LAWN MOWER BELTS. Mower belts cross reference

Quest hydrostatic drive belt cross reference?

At least It waited to break until after I got the front yard done. Reichsfuhrer Robin just would not have understood had it broken sooner. So it’s 1pm Saturday and all the Exmark dealers are closed. Does anyone know what the Gates or Dayco number cross-reference is for the hydrostatic drive belt? Model QST22BE482 Serial number 886860 48-inch deck. THANKS!

Well-Known Member

At least It waited to break until after I got the front yard done. Reichsfuhrer Robin just would not have understood had it broken sooner. So it’s 1pm Saturday and all the Exmark dealers are closed. Does anyone know what the Gates or Dayco number cross-reference is for the hydrostatic drive belt? Model QST22BE482 Serial number 886860 48-inch deck. THANKS!

You better wait and get an O.E.M. belt. it will pay off in the long run! So tonykarter. are you a kart racer?

Well-Known Member

Was a kart racer. Was a kart. participant more than a racer. Still got it. Sits out there in the shop. Yeah, the only belt I can find today IS an Exmark, but it is 60 miles away and 35.xx. Was hoping to find a cross reference and buy two for that price.

I see. put that thing back on the track, no time better than the present! I still say get OEM, it might outlast those other 2 cheapies

Lawn Royalty

Gates are universal belts which can fit multiple applications. You never know if the belt length, angle and material match OEM.

Lawn Royalty

I will be the odd man out here. If you select a Gates belt from their interchange application you will get a belt of equivalent or better quality than the original. Gates make a specific range for mowers and another range for general outdoor equipment. A lot of the belts I get from my aftermarket suppiiers are Gates belts. The trouble is to do this you need the Exmark part number and to prevent you from doing this the Exmark parts look up does not list the part number for the belt “contact your local dealer ” However the new Gates look up site lists it as a 6780BR Blade Runner belt Note it is not a standard 40 deg A section belt it is 39 deg V angle and wider at the top ( 14mm ) The down side is you are unlikely to find one at your friendly Gates belt dealer as different businesses carry different ranges of belts and it will most likely need to be ordered in for you. The Stens catalogue lists 265-163 as a replacement. although they show it 75.5″ where as Gates show it as 75.22″. However you should be able to get a Stens belt from a mower repair shop. I have 2 in stock here but postage from Aust might be a while. When you are in there check the plastic idlers as they wear and the flanges get busted up which chops up the belt over time Worthwhile keeping a pair of them in the shed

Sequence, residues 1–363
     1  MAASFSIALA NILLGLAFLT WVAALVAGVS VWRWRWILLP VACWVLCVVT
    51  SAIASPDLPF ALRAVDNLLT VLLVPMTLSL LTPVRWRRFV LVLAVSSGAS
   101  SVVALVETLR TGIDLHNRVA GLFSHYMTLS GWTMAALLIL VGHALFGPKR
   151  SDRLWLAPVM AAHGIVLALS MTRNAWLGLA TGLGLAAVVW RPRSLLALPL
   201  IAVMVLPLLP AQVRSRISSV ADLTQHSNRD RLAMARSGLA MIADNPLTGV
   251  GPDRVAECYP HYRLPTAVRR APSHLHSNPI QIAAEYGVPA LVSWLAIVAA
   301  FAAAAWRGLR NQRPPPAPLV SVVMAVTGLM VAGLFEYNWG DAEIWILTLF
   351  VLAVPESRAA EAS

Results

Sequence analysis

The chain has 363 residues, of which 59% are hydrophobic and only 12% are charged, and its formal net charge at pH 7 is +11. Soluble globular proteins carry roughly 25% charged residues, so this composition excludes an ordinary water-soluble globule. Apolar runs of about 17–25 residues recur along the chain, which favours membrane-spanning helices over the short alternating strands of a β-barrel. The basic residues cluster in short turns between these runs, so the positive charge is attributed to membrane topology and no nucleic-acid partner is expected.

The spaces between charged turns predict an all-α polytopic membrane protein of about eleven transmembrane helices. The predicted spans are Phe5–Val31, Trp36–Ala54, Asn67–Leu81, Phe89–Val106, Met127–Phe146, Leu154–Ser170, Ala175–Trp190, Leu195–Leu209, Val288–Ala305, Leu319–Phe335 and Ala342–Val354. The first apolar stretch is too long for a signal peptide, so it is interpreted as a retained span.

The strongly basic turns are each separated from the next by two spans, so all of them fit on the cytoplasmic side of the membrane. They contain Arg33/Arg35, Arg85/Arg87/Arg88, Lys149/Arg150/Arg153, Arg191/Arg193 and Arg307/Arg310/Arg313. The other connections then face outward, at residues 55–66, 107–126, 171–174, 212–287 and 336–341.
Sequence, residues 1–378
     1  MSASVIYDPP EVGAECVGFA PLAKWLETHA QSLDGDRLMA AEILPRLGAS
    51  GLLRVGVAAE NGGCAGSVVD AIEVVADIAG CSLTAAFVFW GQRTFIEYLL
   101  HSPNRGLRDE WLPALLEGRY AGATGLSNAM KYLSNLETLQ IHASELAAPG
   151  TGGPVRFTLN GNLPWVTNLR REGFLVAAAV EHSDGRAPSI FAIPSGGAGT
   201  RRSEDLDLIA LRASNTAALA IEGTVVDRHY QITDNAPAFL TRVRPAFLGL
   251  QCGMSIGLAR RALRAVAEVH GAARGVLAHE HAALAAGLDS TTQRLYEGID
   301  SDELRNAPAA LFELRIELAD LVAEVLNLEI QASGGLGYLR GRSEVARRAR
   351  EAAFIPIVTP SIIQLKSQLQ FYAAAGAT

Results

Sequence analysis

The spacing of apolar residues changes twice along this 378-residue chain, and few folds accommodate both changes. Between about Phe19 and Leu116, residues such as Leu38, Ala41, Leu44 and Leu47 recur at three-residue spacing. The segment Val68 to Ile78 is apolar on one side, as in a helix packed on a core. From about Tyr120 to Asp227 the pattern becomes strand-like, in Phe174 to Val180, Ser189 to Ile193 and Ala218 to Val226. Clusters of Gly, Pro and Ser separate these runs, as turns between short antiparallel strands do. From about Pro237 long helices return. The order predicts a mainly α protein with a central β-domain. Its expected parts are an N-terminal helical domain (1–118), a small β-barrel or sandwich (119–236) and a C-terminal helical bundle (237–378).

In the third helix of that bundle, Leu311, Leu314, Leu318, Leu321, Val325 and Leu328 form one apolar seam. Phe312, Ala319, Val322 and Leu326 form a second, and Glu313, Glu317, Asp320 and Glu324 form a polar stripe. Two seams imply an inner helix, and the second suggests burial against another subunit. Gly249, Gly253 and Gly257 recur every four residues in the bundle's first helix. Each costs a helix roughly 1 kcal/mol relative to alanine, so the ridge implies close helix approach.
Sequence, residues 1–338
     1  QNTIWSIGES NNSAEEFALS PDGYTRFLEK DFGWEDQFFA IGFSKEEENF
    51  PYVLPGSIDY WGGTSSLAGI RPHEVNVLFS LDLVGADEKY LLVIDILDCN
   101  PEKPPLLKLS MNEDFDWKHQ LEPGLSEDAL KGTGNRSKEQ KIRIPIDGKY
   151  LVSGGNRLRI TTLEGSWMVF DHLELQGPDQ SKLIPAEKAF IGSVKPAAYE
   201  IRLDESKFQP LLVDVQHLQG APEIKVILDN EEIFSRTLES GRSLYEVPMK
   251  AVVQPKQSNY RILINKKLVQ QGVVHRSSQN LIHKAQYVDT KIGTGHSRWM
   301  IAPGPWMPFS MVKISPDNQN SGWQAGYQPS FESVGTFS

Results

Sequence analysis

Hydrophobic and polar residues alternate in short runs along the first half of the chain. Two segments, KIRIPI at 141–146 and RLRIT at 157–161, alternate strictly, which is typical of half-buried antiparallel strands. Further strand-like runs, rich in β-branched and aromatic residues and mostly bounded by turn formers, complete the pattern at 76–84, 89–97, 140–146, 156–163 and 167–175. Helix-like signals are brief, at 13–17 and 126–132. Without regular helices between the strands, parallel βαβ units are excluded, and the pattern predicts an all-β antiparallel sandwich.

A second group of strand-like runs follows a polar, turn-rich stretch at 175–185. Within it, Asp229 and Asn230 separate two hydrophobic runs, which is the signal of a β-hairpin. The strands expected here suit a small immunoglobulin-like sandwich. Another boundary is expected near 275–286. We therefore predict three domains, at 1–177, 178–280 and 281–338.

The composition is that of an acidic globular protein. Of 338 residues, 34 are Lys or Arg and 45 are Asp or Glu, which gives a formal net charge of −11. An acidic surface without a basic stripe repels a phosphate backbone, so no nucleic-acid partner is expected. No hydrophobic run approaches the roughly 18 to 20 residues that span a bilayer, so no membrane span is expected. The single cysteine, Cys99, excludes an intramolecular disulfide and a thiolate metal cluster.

Lawn Mower Belts:

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Keep your outdoor power equipment running well. At Small Engines PRO Dealer, we carry a wide variety of lawn mower belts to ensure your equipment keeps performing properly. All Lawn Mowers Belts showed on this section are all high quality aftermarket parts.STENS branded- that will directly replace the originally placed manufacturer. So if you are interested on genuine lawn mower belts, proceed to contact our representatives via email at, they will be happy to answer you any questions.

These products are sold at the best price and we guarantee a fast delivery service, that’s why so many people recommend us, and shop with us. For browse our selection of Aftermarket Parts, you can use the menu located at the left of this section. From lawn mower belts 1/2″ to 5/8″, you’ve come to the right place! Click on the category and find your replacement belt easily.

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Mower belts cross reference


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Mower belts cross reference

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Check Belt Wear

Belts have a difficult job and can be the cause of various issues. Regular inspection will tell you if your belt is at the end of its life. Things to look for are flat-spotting, glazing, cracking, fraying, and contamination.

As you know, a V belt should sit just proud of the pulley shoulder; if it’s a lot lower than the shoulder of the pulley, it’s worn out.

How Long Do They Last?

The life of a belt is hard to gauge, it really depends on how much grass you’re cutting and how heavy the workload is, but usually, we’re talking years. Typically a belt should be changed after 3-4 years, but we know this doesn’t happen.

A worn or damaged pulley can shorten the life of your belt. An engine or transmission oil leak can destroy the belt, you can try cleaning it, but it causes slip. A derailing belt can get twisted and damaged, and a mower that throws belts regularly probably has a worn or damaged pulley.

But the real killer of belts – tall, heavy grass jams the blades, which causes flat spots on the belt. The flat spot will then cause a lot of vibration, which in turn can throw the belt.

Belt damage is usually caused on the first cut of the season when the grass is heavy. So if your grass is tall and heavy, just take a little off on the first pass and make a second pass with the deck a notch lower. Yes, it’s twice the mowing, but it’s better for your mower and your lawn.